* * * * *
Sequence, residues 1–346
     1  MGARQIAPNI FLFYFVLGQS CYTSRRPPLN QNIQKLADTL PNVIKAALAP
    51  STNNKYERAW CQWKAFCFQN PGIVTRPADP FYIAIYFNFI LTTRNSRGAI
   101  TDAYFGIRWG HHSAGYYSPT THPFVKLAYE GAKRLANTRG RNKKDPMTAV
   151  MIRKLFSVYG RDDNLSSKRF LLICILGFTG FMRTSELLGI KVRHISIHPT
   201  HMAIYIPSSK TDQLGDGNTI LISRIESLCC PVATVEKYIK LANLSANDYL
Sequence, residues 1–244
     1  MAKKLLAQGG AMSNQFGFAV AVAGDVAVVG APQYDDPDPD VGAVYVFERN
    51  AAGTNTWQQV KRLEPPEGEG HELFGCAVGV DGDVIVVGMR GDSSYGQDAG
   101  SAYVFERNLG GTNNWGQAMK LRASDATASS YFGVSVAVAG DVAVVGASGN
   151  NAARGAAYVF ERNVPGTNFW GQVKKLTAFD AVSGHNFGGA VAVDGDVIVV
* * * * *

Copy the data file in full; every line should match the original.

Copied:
Sequence, residues 1–346
     1  MGARQIAPNI FLFYFVLGQS CYTSRRPPLN QNIQKLADTL PNVIKAALAP
    51  STNNKYERAW CQWKAFCFQN PGIVTRPADP FYIAIYFNFI LTTRNSRGAI
   101  TDAYFGIRWG HHSAGYYSPT THPFVKLAYE GAKRLANTRG RNKKDPMTAV
   151  MIRKLFSVYG RDDNLSSKRF LLICILGFTG FMRTSELLGI KVRHISIHPT
   201  HMAIYIPSSK TDQLGDGNTI LISRIESLCC PVATVEKYIK LANLSANDYL
Sequence, residues 1–244
     1  MAKKLLAQGG AMSNQFGFAV AVAGDVAVVG APQYDDPDPD VGAVYVFERN
    51  AAGTNTWQQV KRLEPPEGEG HELFGCAVGV DGDVIVVGMR GDSSYGQDAG
   101  SAYVFERNLG GTNNWGQAMK LRASDATASS YFGVSVAVAG DVAVVGASGN
   151  NAARGAAYVF ERNVPGTNFW GQVKKLTAFD AVSGHNFGGA VAVDGDVIVV